The Body and Blood of Christ
Gen 14:18-20; 1 Cor 11:23-26; Lk 9:11-17 (Year C)
“The Lord’s revelation to my Master: ‘Sit on my right, I will put your foes beneath your feet.’ The Lord has sworn an oath, he will not change. ‘You are a priest for ever, a priest like Melchizedek of old.’”
Jerusalem’s Temple priesthood traced its origins to Abraham’s mysterious encounter with Melchizedek, King of Salem. Here Melchizedek received the bread and wine offered by Abraham, and through this exchange became the intermediary of God’s blessing.
In the celebration of Christ’s Body and Blood, we understand the Eucharist as the fulfilment of this encounter between God and his people. Here Christ himself is both priest and offering. His self-sacrifice on Calvary achieved what lay beyond our sinful humanity, a perfect communion with the Father.
St Paul’s letter to the Corinthians, predating both the Acts of the Apostles and the written Gospels (in their final formulation), is our earliest witness to the celebration of the Eucharist at the heart of the Church. “This is what I received from the Lord, and in turn passed on to you.”
Paul’s careful choice of words indicated that, from the very beginning, the Eucharist had been celebrated as the sacrament of Christ’s living presence among his people. All that was done, was to be done “as a memorial of me”.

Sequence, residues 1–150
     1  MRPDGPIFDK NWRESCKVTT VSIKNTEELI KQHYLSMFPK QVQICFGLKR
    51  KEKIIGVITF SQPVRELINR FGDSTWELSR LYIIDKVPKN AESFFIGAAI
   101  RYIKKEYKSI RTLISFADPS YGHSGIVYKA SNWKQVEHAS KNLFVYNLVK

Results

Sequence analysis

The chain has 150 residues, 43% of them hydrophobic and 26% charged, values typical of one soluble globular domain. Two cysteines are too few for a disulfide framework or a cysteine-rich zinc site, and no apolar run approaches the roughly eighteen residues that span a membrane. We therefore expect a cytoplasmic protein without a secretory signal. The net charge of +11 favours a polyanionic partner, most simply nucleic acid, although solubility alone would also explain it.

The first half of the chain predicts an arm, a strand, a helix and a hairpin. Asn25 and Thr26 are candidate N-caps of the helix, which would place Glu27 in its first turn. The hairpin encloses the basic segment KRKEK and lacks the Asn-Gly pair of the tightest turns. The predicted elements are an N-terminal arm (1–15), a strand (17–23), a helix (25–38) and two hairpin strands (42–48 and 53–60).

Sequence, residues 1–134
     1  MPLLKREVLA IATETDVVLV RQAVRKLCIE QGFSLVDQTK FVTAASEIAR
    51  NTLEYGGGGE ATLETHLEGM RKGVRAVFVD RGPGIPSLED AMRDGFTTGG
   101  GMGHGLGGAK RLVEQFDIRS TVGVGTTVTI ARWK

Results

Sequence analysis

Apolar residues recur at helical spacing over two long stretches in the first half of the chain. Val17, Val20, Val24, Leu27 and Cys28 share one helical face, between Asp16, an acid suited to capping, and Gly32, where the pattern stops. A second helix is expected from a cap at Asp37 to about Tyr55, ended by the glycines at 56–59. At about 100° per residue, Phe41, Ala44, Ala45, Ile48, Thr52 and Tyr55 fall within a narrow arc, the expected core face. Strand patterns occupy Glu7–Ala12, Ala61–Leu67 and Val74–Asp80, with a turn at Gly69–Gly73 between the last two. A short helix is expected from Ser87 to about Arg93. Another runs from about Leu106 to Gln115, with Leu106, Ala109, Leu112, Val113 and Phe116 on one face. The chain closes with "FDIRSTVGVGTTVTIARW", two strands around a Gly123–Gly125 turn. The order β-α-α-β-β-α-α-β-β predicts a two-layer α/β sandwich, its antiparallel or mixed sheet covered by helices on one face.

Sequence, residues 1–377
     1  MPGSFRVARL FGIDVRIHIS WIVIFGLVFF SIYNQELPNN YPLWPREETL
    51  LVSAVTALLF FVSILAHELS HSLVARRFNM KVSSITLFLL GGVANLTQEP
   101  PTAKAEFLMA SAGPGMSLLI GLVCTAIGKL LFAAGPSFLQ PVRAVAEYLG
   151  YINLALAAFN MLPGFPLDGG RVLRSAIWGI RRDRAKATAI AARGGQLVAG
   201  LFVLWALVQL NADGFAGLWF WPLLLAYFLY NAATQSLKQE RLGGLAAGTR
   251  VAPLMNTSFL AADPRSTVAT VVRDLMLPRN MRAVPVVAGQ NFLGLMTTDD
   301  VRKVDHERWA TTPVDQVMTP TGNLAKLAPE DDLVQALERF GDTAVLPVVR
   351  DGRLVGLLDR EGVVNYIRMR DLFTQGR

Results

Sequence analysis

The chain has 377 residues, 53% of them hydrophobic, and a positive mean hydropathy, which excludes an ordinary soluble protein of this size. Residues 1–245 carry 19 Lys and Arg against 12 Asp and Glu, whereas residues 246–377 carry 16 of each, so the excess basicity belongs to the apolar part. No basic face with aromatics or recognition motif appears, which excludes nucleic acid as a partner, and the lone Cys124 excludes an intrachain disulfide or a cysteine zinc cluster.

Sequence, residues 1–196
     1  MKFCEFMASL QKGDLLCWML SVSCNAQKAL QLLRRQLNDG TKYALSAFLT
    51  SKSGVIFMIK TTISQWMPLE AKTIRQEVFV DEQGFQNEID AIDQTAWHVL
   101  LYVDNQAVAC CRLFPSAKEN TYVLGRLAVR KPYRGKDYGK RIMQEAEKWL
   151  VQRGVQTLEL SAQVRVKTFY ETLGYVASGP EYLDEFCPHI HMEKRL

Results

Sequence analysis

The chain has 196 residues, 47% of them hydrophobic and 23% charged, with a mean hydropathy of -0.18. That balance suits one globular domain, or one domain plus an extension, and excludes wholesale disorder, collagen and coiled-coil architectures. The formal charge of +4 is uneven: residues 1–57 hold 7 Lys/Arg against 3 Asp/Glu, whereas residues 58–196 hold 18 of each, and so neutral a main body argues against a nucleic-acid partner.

This “remembering” was charged with the power of the Risen Lord. Here, in a mysterious way, the “then” of Christ’s Calvary becomes the “now” of our communion with the Father. This real and enduring presence is not passive; it is deeply interpersonal. We encounter the Lord whose whole self is “given for us”. We, in turn, are empowered to become a people “given” to the Father. We encounter the Lord whose life itself is poured out for us, enabling us to live lives of selfless service.
More than this, the Eucharist is both an indication of life’s ultimate destination with the Father and the necessary sustenance for the journey. We, like the multitudes that flocked to Jesus, grow hungry in a world that cannot satisfy our longing. As Jesus fed the multitude with five loaves and two fish, so in the Eucharist he feeds our longing for peace, healing and forgiveness. As the Bread of Life, he himself becomes our life, the satisfaction of every longing. “Then he took the five loaves and two fish, raised his eyes to heaven, and said the blessing over them. Then he broke them and handed them to the crowd. They all had as much as they wanted.”